Water works

Northumbrian Water, named one of the best corporate workers in the community, may have the chance to provide affordable rural homes, writes Brian Nicholls.

UTILITIES are its business of course, but Northumbrian Water is also one of the UK’s leading community-minded companies with aspirations now to help develop affordable homes for the region.

In so doing, it aims to maintain its newly won reputation as one of the UK’s most community-minded companies.

Indeed, the North East plc, industrious also in Essex and Suffolk, is this year one of only eight firms in the country to win a distinction for the social impact it creates.

This is the icing on the cake, in managing director John Cuthbert’s words, coming just four days after Northumbrian Water broke into the top Platinum Class in the National Corporate Responsibility Index (a Top 100 list considered the prime authority on levels of corporate social responsibility).

Judges who benchmark companies from many sectors on behalf of Business in the Community (BITC) agreed that Northumbrian Water is the nation’s best performing multiutility, and one of 10 British sector leaders in quality of involvement with people, communities, the environment and the market place.

Indeed, the Durham-based plc’s position in the Platinum Class marks it out as one of only 34 top-performers in terms of corporate responsibility, ranking it alongside names including BT, HBOS, Ernst and Young, Sainsbury, John Lewis Partnership, KPMG, Lloyds TSB, PWC and Unilever.

Further, of those 34, Northumbrian Water is one of only eight gaining the Impact on Society Award from BITC, placing it in the rarest atmosphere with the likes of EDF Energy, Barclays and Pearson.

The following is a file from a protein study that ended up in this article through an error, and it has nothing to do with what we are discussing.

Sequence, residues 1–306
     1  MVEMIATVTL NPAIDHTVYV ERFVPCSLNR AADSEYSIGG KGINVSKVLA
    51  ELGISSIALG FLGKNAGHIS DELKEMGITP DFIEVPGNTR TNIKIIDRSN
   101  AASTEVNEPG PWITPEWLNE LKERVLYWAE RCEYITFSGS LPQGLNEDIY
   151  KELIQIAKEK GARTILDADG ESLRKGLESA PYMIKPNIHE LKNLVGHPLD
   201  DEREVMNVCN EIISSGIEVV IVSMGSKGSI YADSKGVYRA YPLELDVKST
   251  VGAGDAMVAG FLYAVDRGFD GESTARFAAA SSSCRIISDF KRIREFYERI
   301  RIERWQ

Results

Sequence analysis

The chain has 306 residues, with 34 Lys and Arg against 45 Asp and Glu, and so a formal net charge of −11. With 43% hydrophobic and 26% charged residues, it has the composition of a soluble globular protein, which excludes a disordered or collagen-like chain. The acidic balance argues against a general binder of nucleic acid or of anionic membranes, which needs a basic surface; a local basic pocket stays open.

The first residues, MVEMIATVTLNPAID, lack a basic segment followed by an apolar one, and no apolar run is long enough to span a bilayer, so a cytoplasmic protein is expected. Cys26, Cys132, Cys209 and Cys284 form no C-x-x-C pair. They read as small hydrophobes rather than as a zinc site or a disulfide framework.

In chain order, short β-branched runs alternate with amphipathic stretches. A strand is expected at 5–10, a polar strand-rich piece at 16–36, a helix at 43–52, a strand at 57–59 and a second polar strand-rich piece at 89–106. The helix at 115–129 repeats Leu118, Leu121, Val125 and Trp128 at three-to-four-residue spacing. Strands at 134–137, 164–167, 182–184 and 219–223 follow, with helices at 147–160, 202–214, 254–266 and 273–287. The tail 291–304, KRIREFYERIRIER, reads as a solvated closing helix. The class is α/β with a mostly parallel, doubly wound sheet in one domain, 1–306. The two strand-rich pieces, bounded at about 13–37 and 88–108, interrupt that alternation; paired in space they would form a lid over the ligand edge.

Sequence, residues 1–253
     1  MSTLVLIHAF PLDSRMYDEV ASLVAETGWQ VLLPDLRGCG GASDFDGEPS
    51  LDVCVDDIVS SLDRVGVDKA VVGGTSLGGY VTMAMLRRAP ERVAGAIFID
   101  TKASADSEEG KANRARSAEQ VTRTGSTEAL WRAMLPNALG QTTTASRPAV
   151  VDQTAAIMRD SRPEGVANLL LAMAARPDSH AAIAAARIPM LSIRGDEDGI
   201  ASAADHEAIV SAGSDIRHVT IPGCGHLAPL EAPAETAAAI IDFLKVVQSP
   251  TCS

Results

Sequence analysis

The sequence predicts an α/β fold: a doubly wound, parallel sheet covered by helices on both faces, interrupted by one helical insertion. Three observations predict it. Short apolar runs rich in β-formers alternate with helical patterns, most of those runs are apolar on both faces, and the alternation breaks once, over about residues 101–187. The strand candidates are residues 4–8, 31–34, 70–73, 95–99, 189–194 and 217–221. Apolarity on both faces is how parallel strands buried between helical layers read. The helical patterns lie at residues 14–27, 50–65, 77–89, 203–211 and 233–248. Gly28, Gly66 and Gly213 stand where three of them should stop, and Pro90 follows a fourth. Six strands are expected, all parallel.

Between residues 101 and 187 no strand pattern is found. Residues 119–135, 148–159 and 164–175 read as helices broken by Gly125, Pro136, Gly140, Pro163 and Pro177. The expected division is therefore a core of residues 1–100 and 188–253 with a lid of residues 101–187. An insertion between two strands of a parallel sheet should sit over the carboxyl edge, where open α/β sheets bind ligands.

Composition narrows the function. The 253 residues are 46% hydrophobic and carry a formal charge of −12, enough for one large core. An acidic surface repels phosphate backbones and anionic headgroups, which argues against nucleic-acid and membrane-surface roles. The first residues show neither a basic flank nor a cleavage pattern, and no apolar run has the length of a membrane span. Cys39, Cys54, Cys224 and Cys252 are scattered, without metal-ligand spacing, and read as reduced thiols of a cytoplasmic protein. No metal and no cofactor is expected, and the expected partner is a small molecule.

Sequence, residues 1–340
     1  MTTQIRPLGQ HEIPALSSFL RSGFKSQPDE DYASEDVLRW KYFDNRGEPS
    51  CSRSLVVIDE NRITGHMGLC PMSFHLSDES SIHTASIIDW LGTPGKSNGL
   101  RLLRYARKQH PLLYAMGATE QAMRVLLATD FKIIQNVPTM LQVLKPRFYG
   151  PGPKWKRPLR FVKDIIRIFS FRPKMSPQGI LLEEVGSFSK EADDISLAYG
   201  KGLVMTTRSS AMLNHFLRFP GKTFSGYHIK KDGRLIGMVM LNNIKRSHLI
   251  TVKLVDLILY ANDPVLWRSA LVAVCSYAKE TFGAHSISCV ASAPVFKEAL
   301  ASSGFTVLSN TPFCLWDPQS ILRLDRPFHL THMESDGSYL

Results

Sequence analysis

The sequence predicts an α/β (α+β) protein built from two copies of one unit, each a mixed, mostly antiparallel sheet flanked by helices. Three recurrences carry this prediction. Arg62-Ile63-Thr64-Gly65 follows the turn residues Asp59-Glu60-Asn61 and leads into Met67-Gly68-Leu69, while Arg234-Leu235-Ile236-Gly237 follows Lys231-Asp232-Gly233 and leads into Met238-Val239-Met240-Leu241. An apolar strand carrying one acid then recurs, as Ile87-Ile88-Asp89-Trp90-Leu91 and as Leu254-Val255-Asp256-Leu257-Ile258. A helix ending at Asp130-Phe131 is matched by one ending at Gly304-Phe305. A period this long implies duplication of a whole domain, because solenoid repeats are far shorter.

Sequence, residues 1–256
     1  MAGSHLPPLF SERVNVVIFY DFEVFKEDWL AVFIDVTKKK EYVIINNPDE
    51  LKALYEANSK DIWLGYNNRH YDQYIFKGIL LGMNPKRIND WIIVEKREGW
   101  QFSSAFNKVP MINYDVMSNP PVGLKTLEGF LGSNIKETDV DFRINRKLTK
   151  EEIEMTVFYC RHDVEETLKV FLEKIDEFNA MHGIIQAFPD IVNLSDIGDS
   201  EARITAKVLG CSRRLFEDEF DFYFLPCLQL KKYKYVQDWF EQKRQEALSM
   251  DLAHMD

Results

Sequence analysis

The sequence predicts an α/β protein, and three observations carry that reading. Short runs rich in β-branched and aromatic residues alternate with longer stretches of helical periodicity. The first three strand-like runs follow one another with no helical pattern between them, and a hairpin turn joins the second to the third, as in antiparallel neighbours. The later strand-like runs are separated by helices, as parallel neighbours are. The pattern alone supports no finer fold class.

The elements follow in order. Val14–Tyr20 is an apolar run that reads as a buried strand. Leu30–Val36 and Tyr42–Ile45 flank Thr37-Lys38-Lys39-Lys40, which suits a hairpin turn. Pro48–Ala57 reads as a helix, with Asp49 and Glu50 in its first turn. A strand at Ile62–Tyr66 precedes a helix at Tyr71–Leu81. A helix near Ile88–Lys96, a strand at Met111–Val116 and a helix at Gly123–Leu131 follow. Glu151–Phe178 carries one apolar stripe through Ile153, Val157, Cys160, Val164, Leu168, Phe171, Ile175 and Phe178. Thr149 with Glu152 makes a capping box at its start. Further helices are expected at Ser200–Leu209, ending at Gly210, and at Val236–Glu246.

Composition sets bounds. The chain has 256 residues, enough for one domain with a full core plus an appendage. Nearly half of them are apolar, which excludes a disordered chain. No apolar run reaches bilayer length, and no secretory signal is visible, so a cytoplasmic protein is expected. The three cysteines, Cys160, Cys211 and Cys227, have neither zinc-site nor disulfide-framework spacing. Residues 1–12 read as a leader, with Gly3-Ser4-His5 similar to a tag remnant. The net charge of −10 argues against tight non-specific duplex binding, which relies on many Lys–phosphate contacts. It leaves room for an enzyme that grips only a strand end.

All this rather cocks a snook at the metropolitomaniacs who, when Northern Rock fell from grace, suggested the North East was hardly a suitable place from which to run a major plc.

A rebuke now is all the more justified given that Scottish and Newcastle (still at work in this region, albeit recently taken over) is also in the Platinum class, and sector leader in beverages.

Note, too, that Go-Ahead (keeping a registered office in the North East after two decades, despite relocating head office to London) has Gold rating – just one down from Platinum - for running Britain’s most environmentally friendly bus fleet while carrying 40 million more passengers.

And Ho Sanderson’s 11-year-old Eshott Hall Estate, reviving a dying community near Morpeth, was one of seven UK firms awarded for their rural action.

But it’s Northumbrian Water - above the likes of BBC, M&S andRolls Royce in assessment - that also gets the impressive BITC title of North East Responsible Business of the Year.

Managing director John Cuthbert says: “Our achievement reflects a lot of work, time and effort that our people have piled into the endeavours, particularly over the past two years or so.

“We try to play our part in all areas of our region, and our employees respond to voluntary opportunities.

They deserve lots of credit because, covering an area from the Scottish border to North Yorkshire, they must connect with the communities they work among for our endeavours to work properly.” And as he points out: “Utilities are among highest performers of all the sectors considered, making our awards all the more creditable.

We have been acclaimed now for something we have been doing for our communities for a long time.” BITC, an independent charity, was set up 26 years ago by firms out to prove how business impacts on society.

It now has more than 800 member businesses, and the Corporate Responsibility Index in which Northumbrian Water has excelled is in its sixth year.

“Recognition is very pleasing,” John Cuthbert says.

“But our main reason for involvement is to share ideas with - and gain ideas from - other companies of like mind, to find what works and what doesn’t.” John, in defending the North East as a base for plcs, cites other big groups run effectively from the region, and hopes some of the small, highly innovative companies, also coming up will join them on a plc pedestal before long.